An Oklahoma death row inmate has died of a heart attack following a botched lethal injection.
Clayton Lockett, 38, was declared unconscious ten minutes after the first of the state's new three-drug lethal injections was administered, AP reported.
Three minutes later, however, Lockett started breathing very heavily and writhing on the gurney, prompting the officials to lower the blinds to prevent people seeing what was happening in the death chamber.
"There was some concern at that time that the drugs were not having that [desired] effect," said department's director Robert Patton, who halted Lockett's execution about 20 minutes after the first drug was administered.
An alleged vein failure had prevented the injection having the full effect, causing suffering to the inmate who then died of a heart attack.
"It was a horrible thing to witness. This was totally botched," said Lockett's attorney, David Autry. "They should have anticipated possible problems with an untried execution protocol.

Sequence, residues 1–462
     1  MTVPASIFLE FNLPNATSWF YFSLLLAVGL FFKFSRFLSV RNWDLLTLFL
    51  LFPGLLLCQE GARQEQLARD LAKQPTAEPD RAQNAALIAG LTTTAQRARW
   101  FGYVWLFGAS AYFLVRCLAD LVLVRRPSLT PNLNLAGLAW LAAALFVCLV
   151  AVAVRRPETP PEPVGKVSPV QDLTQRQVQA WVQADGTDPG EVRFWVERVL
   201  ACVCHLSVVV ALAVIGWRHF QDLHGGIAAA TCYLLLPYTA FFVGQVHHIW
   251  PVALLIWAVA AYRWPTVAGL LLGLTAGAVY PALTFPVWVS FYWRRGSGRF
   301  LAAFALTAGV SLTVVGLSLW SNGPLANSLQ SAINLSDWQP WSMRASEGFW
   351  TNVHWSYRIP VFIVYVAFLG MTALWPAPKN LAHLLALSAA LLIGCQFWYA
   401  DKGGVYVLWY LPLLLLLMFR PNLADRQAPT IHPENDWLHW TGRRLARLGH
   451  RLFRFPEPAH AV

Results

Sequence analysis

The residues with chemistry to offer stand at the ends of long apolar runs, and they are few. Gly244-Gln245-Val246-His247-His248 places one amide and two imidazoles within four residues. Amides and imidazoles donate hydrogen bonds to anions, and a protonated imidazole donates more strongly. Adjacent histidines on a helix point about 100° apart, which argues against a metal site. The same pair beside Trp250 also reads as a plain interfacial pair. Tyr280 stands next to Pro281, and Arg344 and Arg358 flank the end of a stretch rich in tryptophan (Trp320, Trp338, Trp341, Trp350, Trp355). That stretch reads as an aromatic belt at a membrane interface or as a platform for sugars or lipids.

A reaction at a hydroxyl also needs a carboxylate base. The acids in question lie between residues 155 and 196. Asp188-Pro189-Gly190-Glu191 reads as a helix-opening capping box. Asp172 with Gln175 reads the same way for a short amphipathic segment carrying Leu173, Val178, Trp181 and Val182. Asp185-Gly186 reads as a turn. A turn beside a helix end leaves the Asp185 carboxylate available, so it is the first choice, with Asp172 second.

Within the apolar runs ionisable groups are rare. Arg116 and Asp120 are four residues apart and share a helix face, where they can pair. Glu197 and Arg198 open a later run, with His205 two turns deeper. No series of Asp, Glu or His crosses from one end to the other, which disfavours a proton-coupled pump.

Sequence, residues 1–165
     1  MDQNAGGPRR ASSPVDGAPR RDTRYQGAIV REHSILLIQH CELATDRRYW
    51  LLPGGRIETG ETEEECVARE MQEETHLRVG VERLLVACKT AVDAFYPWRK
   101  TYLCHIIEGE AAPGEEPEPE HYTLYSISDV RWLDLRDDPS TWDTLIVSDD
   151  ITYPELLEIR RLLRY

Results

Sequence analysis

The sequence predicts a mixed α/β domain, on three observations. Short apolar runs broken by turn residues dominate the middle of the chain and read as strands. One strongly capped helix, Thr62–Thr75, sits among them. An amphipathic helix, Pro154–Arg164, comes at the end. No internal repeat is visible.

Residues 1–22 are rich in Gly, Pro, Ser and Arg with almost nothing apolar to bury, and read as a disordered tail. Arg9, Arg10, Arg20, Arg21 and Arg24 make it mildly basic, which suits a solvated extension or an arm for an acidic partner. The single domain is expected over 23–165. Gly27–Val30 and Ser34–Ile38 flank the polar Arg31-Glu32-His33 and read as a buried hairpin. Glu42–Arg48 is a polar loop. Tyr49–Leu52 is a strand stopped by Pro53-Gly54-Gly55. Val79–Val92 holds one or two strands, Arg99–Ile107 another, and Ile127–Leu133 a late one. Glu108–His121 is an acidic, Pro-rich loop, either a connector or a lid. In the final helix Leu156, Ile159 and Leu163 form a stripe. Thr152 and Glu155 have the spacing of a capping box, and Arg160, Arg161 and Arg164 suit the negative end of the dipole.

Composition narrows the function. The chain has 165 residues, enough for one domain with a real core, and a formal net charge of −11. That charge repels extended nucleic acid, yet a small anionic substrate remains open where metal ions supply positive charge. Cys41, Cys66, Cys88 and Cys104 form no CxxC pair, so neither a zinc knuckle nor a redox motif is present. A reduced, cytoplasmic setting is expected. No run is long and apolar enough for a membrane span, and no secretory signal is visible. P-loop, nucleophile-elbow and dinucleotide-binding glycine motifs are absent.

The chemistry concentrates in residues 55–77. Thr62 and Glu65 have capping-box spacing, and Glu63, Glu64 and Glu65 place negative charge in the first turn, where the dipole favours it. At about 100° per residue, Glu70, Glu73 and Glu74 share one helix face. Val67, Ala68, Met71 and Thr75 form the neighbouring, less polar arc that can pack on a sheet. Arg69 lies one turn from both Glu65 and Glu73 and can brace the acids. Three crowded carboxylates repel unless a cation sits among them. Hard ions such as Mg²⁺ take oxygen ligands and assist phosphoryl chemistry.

"Obviously the whole thing was gummed up and botched from beginning to end. Halting the execution obviously did Lockett no good."
Following the incident, the execution of inmate Charles Warner, supposed to take place two hours after Lockett's one, was postponed for 14 days by Republican Gov. Mary Fallin.
She also ordered the state's Department of Corrections to conduct a full review of the state's execution procedures.
Lockett was on death row for the 1999 shooting of a 19-year-old woman. Warner was convicted for the 1997 murder and rape of an 11-month-old girl.
The two inmates had sued the state for refusing to disclose details about the execution drugs.
The case prompted the Supreme Court to issue a rare stay of execution, which was later dissolved, however.
The high court dismissed the inmates' claims that they were entitled to know the source of the drugs.
This was the first time Oklahoma used the new drug combination for a lethal injection.
Other states such as Florida and Missouri have used it before.
Lawyers for death row inmates in several US states have argued that drugs obtained for lethal injections from compounding pharmacies could lead to unnecessary suffering, which is considered as a cruel and unusual punishment and in violation of the US Constitution.
Prison officials have rejected these arguments and have been refusing to reveal where they get the substances from.